Russian Drug Control Service chief criticizes U.S. for ineffective anti-drug fight in Latin America

Head of the Russian Federal Drug Control Service, Viktor Ivanov, said that the help of the United States to Latin America in the fight against cocaine was ineffective.

"As to Latin America, the United States helps a lot in fight against drug production. If you take Columbia, United States aviation participates in destroying cocaine crops. But unfortunately the final results have not been reached," Ivanov told reporters in Moscow on Tuesday.

"The international assistance, headed mainly by the United States is concentrated at helping police forces, at the force component. These are weapons, communication means and holding police operations. But this doesn't eliminate the social base. The number of weapons is growing, drug production continues. So there is no effect," Ivanov said.

"The ultimate source of drug production has not been eliminated. The source is a social and economic one. There is a social base in farms which gets involved in drug production amid the recessed development in the region," Ivanov said.

It is necessary to switch the farmers of Latin America as well as farmers of Afghanistan to producing "useful crops," Ivanov said.

Columbia has been producing cocaine for the past 50 years, Ivanov said. "Moreover, neighboring countries, Peru and Bolivia, are also involved," Ivanov said.

The United States managed to decrease the "black market of cocaine" in the country having hardened the border with Mexico and having helped Latin American countries, Ivanov said. "The United States succeeded in decreasing cocaine distribution market almost 50%. It is a considerable result in terms of protecting the health of U.S. citizens. But we understand that cocaine production hasn't shrunk and it is still being distributed," Ivanov said.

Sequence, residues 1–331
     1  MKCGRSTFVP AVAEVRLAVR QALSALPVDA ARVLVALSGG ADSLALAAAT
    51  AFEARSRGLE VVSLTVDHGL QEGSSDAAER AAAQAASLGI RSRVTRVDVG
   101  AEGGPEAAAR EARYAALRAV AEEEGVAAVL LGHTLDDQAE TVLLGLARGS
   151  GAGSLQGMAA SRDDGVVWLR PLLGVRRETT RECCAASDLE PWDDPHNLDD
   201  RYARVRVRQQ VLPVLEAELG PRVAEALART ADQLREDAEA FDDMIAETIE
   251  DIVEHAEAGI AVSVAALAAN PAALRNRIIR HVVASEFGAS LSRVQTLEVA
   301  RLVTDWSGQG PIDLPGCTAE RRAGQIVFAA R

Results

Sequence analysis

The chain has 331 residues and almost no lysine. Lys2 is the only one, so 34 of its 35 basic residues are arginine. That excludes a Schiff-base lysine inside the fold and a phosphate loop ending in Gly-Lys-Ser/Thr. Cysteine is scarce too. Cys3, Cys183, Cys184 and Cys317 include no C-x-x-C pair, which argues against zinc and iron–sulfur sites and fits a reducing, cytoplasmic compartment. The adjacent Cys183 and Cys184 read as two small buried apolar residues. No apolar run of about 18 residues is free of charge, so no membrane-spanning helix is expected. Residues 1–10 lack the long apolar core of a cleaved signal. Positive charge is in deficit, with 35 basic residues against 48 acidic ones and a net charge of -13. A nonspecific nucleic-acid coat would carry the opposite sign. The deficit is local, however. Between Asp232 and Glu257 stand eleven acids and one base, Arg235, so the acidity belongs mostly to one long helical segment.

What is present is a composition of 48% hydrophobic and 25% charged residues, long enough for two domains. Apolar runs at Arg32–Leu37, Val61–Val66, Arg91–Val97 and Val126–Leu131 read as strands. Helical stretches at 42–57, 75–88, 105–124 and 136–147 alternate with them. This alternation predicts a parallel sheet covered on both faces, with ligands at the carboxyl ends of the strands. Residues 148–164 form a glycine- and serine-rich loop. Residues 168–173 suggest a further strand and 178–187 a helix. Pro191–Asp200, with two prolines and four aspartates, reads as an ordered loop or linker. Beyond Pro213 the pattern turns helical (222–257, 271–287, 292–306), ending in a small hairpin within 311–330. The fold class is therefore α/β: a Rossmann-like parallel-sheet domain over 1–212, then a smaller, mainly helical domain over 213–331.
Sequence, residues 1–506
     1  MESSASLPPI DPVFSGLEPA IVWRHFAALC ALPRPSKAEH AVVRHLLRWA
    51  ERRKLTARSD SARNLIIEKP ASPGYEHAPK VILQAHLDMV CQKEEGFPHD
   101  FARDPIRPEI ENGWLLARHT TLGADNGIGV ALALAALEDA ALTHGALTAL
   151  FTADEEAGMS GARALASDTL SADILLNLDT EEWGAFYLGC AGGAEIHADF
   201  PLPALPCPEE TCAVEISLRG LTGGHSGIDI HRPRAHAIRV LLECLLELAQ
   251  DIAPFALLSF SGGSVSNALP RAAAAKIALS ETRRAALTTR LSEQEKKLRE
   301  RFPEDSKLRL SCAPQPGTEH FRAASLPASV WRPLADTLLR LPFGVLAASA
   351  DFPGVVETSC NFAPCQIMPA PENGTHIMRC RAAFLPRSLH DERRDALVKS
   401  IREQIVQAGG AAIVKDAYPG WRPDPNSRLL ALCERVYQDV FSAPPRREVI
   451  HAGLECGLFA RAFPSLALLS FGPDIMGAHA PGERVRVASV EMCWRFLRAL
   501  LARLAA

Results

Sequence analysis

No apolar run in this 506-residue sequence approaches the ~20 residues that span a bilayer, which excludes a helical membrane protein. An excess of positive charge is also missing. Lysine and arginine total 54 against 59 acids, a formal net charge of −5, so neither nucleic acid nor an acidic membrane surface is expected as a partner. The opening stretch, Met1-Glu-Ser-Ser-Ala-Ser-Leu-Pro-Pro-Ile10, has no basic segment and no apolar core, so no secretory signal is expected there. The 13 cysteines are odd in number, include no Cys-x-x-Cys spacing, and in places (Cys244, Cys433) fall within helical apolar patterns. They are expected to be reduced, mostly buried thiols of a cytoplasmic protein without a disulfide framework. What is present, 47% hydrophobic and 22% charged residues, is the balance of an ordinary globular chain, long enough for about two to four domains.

The Russian drug control chief said that the "black market" of cocaine was growing in Europe. Cocaine is still "exotic" in Russia, heroine prevails, he said.

Ivanov was on a working visit to Latin America from March 17-22. He went to Peru and Nicaragua. The Russian drug control chief laid the foundation of the future regional training center of the Russian Federal Drug Control Service in Managua. The Russian Drug Control Service will open a training center in Peru as well.

Ivanov said in December 2012 that Russia was ready to supply Latin America with small arms and means to fight drugs trafficking.

Ivanov said in October 2012 that Russia could supply Latin America with firearms. "It refers to firearms, special uniforms and special police equipment," he said after negotiations with police delegations in Nicaragua.

The Russian drug control service said that the number of attempts to smuggle cocaine from Latin America into Russia was growing.

Ivanov has said that up to 100,000 people die in Russia annually due to drugs. The drug control chief said in June 2012 that the latest drug control service research had shown that 8.5 million people in Russia were using drugs regularly or occasionally. A total of 18.5 million Russians have tried drugs at least once in their life.

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